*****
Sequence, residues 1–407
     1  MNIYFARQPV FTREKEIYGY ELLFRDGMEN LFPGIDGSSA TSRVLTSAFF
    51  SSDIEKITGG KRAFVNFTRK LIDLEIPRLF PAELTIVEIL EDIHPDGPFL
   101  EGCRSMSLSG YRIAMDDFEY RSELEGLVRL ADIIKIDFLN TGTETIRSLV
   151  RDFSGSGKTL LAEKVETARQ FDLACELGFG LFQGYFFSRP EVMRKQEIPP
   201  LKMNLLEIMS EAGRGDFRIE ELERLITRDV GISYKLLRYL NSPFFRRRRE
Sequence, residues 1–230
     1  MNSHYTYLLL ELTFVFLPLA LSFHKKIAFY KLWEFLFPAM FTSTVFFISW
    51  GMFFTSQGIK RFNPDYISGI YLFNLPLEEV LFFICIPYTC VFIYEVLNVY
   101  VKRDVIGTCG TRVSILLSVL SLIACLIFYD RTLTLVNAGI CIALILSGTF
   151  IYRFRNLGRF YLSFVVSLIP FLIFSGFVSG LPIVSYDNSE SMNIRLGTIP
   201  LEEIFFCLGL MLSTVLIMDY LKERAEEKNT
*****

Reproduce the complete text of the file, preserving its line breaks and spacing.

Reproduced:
Sequence, residues 1–407
     1  MNIYFARQPV FTREKEIYGY ELLFRDGMEN LFPGIDGSSA TSRVLTSAFF
    51  SSDIEKITGG KRAFVNFTRK LIDLEIPRLF PAELTIVEIL EDIHPDGPFL
   101  EGCRSMSLSG YRIAMDDFEY RSELEGLVRL ADIIKIDFLN TGTETIRSLV
   151  RDFSGSGKTL LAEKVETARQ FDLACELGFG LFQGYFFSRP EVMRKQEIPP
   201  LKMNLLEIMS EAGRGDFRIE ELERLITRDV GISYKLLRYL NSPFFRRRRE
Sequence, residues 1–230
     1  MNSHYTYLLL ELTFVFLPLA LSFHKKIAFY KLWEFLFPAM FTSTVFFISW
    51  GMFFTSQGIK RFNPDYISGI YLFNLPLEEV LFFICIPYTC VFIYEVLNVY
   101  VKRDVIGTCG TRVSILLSVL SLIACLIFYD RTLTLVNAGI CIALILSGTF
   151  IYRFRNLGRF YLSFVVSLIP FLIFSGFVSG LPIVSYDNSE SMNIRLGTIP
   201  LEEIFFCLGL MLSTVLIMDY LKERAEEKNT